FORT BENNING, GA (WTVM) - The late General Douglas MacArthur once said that old soldiers never die, they just fade away.
That's not always the case; some go out with a flourish.
Take for instance a former commanding general at Fort Benning. His retirement on-post is the focus of this week's Military Matters segment.
General Michael Ferriter's 35-year Army career has taken him all over the world. But five different stops at Fort Benning made the choice of where to hold his retirement ceremony pretty easy.
"We've raised our kids in this area," said Ferriter. "We're connected to Columbus and to Phenix City, and to all of our friends, and so it's only natural for us to come back here for our final event of this great journey."
And quite a distinguished group was there to bid him farewell. They included General James Campbell, the Army's vice chief of staff, and Congressman Sanford Bishop.
Oh, and Ferriter's wife and children wouldn't have missed it for the world.
"My family is invested in the Army as well, with a son who's a major, Major Dan; Captain Paddy Ferriter, my other son; Mary Whitney's just left the service and my daughter Dr. Megan Ferriter," he said. "With the many deployments I've had obviously, my dear wife Margie has done just an awesome job."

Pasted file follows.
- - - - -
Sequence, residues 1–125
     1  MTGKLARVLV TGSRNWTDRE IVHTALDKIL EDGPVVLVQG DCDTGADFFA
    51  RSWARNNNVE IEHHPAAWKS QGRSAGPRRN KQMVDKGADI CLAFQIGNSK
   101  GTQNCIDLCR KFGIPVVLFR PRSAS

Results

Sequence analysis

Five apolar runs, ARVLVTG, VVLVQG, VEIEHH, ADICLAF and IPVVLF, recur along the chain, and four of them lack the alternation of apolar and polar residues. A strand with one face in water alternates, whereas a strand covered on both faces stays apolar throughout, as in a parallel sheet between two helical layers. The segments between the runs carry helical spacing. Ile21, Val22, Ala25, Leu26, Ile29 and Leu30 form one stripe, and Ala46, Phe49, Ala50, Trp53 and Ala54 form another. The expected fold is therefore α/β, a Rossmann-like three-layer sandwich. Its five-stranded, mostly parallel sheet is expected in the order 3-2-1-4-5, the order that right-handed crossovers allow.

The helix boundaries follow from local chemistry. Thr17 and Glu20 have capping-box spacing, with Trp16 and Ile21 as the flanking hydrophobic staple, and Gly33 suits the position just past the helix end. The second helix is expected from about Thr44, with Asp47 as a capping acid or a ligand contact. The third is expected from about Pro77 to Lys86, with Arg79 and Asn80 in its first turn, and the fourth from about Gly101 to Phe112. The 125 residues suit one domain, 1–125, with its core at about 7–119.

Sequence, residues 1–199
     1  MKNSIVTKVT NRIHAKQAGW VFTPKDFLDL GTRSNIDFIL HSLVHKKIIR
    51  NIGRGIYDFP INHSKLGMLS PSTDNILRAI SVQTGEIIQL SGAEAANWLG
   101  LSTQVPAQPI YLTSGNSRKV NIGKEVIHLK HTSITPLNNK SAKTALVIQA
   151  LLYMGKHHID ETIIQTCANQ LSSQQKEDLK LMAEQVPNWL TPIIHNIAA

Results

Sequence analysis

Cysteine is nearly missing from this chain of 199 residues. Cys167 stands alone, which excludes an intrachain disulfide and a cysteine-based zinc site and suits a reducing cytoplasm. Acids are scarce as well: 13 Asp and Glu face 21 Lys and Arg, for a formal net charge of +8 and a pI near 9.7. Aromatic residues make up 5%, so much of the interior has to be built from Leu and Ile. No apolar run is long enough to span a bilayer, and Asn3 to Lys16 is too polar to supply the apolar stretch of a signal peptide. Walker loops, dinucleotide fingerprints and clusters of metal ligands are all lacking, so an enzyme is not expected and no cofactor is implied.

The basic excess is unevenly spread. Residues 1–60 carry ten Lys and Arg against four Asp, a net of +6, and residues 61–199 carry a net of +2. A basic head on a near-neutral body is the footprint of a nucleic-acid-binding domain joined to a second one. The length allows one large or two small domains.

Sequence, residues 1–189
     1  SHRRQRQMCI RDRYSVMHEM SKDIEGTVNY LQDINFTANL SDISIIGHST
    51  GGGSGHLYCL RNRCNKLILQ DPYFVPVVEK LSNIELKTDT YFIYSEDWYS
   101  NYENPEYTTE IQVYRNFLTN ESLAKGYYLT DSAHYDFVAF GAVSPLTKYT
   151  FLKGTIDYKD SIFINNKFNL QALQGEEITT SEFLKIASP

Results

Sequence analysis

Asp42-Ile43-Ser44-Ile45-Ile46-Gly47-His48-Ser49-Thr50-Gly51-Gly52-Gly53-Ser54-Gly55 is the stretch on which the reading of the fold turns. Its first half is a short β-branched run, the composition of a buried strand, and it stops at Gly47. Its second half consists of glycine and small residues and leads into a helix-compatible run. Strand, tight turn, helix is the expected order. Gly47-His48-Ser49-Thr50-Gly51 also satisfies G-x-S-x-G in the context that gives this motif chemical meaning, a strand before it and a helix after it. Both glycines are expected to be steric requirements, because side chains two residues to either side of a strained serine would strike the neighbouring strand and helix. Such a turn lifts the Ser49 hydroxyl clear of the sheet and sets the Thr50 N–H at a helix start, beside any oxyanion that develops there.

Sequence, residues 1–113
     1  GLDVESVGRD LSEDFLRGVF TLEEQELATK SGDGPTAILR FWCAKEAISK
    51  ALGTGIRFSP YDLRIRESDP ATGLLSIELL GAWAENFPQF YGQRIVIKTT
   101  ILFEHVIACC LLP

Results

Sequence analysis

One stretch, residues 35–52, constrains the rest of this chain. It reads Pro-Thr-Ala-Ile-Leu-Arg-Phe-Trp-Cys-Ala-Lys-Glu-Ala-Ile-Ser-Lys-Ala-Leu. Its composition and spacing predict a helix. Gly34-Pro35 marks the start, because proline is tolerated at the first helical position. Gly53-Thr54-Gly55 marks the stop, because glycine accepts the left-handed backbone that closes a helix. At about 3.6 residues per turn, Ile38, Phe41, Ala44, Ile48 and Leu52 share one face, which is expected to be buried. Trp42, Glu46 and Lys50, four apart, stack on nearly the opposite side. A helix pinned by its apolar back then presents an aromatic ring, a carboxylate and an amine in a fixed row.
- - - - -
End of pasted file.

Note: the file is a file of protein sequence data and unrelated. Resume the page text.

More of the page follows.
Like a lot of people who make that final decision to retire, the general gets a little nostalgic when asked what life will be like when he takes off his uniform for one last time.
"You know, we're going to miss the fast pace," he said. "We're going to miss that no matter how hard things are, you can trust the people on your left and right. You cannot pay a soldier enough money for what a soldier does, and you certainly can't pay a soldier enough money for what his family goes through, but they go through it together."
To reflect Ferriter's career as a Paratrooper and Ranger, the Silver Wings parachute team put on a demonstration, and even the President sent his best wishes. It's a long road from 2nd Lieutenant to a three-star general, but Ferriter puts it all in perspective.
"I've always viewed the Army as pretty simple," he said. "Your job is to build teams. Your job is to take care of the soldiers. You know, my platoon got bigger and bigger. I started with 30 and I ended up with 73,000."
Gen. Ferriter says he and his wife plan to travel in the first few months of their retirement. He adds that they've made no concrete plans as to where they will settle down.